Historical Science and Perceptions of Age: Craters on Mars

A "young" crater on Mars.  This is a young crater about 30 feet (9 meters) in diameter. How young? The blocks of material ejected from the crater-digging impact sit on top of the sand ripples near the crater. This suggests, from the estimated age of the area's sand ripples, that the crater was formed within the past 100,000 years. The dark sand inside the crater attests to the mobility of fine sand in the recent era in this Meridiani Planum region of Mars.  Image credit NASA/JPL-Caltech

Our perceptions of the age of an object are frequently based on our common experience but I have found that for many people those common experiences are of little help when it comes to examining objects for which a person has no experience at all.   A couple of years ago this really hit me as […]

NH Notes: Curiosity Update – Amazing Views Inside A Crater

Curiosity rover wheels after rolling into a portion of a sand dune (sol 527).  Image: JPL/NASA/MSSS

When I last updated you on the excursion that the Curiosity rover has been making across the floor of Gale Crater on Mars I noted that the images it has been beaming back had been getting rather routine.  But the rover has slowly been moving downhill toward what seems more and more likely to have […]

Cosmogenic Dating Methods Allow Estimates of Erosion Rates on Mars

Layers of rock seen at yellowknife bay in Gale Crater of Mars by the Curiosity Rover.  Image: JPL/NASA-Caltech

Just how fast are some rocks on Mars eroding?  A few months ago I asked a Martian rock that question (see: My Interview with a Martian: A Story of Origins) and I was not given a very satisfying answer.  Well, that rock can be excused for being a bit confused about time given how boring […]

NH Notes: Curiosity Update – Scenes on the Way to Mt. Sharp

A view from under the Curiosity rover showing two of its six wheels. If you look closely you can see that they have many small pits in the aluminum showing the wear and tear they have received from driving on this rocky ground. Image: JPL/NASA-CalTech

Curiosity keeps chugging away across the floor of Gale Crater.  A few weeks ago we talked to a rock  (My Interview with a Martian: A Story of Origins) that it met as it is working its way to the base of Mt. Sharp.  I had mentioned that the trip has been a tad boring compared […]

NH Notes: The Exhumed Paleochannels of Utah and Mars

An oblique aerial photograph of a carbonate-cemented, sinuous inverted paleochannel segment located approximately 11 kilometers southwest of Green River, Utah.

Here is a puzzle:  Where can you stand on dry ground and look up to see a river channel above you? Ok, yes, New Orleans is a good answer.   But I’m talking about looking up 100 feet from a non man-made location.   Actually there are quit a few places on Earth and possibly […]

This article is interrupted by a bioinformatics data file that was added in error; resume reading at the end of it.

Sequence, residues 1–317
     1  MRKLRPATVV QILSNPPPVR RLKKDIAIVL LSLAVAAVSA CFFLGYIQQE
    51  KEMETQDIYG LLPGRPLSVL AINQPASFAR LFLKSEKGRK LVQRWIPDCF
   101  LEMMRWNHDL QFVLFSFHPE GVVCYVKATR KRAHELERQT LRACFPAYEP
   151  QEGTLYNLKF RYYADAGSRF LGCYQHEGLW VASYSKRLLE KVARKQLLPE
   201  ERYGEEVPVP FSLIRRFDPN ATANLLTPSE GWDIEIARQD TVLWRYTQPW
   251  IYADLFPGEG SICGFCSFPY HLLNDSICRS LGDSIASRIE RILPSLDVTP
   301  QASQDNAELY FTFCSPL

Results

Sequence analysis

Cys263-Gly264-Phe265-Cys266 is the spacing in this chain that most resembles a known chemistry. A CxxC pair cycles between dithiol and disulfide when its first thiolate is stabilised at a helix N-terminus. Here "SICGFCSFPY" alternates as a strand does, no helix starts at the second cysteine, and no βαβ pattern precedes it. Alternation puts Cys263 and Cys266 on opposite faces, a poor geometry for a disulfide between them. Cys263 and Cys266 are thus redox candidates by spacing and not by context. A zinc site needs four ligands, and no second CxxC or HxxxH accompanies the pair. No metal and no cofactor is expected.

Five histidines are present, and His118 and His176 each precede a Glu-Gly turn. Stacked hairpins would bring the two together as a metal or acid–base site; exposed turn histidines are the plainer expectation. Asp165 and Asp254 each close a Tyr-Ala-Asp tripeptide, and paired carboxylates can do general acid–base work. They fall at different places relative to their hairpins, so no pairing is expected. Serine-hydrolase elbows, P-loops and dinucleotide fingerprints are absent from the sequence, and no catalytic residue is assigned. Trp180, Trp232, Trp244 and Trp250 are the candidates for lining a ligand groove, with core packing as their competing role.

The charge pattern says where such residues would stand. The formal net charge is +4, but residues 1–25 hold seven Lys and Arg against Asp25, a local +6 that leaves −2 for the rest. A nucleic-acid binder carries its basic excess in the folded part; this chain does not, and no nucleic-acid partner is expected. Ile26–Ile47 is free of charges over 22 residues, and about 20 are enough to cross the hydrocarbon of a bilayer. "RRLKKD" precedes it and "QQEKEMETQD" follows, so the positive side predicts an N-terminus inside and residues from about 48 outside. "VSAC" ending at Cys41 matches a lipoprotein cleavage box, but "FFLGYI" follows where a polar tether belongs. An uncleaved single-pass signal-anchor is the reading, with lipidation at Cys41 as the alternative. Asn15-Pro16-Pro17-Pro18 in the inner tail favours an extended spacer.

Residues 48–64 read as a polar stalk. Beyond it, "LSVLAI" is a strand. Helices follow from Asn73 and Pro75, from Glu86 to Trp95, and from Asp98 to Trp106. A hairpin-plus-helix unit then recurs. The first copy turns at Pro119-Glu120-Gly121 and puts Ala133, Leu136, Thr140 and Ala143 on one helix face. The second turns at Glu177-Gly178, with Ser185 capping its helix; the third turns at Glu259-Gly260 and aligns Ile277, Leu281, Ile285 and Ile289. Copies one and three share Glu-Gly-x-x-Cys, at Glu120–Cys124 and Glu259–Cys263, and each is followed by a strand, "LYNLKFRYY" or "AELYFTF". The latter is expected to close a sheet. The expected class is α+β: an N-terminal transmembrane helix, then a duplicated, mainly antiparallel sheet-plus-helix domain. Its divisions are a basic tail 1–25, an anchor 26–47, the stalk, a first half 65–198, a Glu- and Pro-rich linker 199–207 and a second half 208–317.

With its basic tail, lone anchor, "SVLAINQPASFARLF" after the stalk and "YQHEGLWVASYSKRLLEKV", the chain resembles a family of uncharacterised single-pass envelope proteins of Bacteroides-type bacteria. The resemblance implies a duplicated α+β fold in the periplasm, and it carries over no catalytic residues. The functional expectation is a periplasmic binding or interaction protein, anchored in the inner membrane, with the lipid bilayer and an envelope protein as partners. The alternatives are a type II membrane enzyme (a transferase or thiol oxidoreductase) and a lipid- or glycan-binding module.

My Interview with a Martian: A Story of Origins

Our martian friend hanging out on the surface slowly eroding in the wind.  The Curiosity rover snapped this image while driving by. Image: JPL/NASA-CalTech

Everything has an origin.*  Some stories of origins are very simple (eg. the current island of Krakatoa from a volcanic blast recorded in history)  while others are much more complex (eg. the Grand Canyon).  The study of origins is the study and reconstruction of past events.  We have eyewitness accounts of some events from the […]

NH Notes: Did Wind and Dust Create a 15,000 Foot Mountain in Gale Crater?

mars-rover-landing-sequence

Large depressions, layers of rocks, precipitated minerals in rock cracks, erratic rocks strewn about, mountains inside of craters: these are just a few examples of the diversity of landscapes on Mars that the Curiosity rover has discovered and been investigating the past six months.   The mountain at the center of the crater that Curiosity […]

Curiouser and Curiouser: A Mars Curiosity Update

Many very fine layers are visible here in this closeup.   Image Credit: NASA/JPL-CalTech

After the Mars Science Laboratory, otherwise known as the Curiosity rover, dropped down the rabbit hole and safely landed on the surface of Mars there was much ado about the first images and hints at a watery past.   Since then the rover has left the public eye but the rover has been no slouch, […]

Non-Martian Rocks on Mars: Finding Small Meteorites on another Planet

Meteorite on Mars: Shelter Island Iron

Previously we explored some meteorites that have been found on Earth that are very likely from Mars (Finding Mars on Earth).   Only a small percentage of the meteorites found on Earth are from Mars with a few more (over 100) originating from the moon.   The remainder presumably come from the far reaches of the […]

Finding Mars on Earth: A Conversation about Martian Meteorites

Tissint-mars-meteorite-morocco

Maybe you missed it last week with all the excitement of  the pictures from Curiosity and its analysis of the rocks on Mars (See my last post: Curious Geology: Stunning Images Reveal a Complex Mars) but there was another pronouncement of further evidence that watery processes were once active on Mars.  Where did this evidence […]

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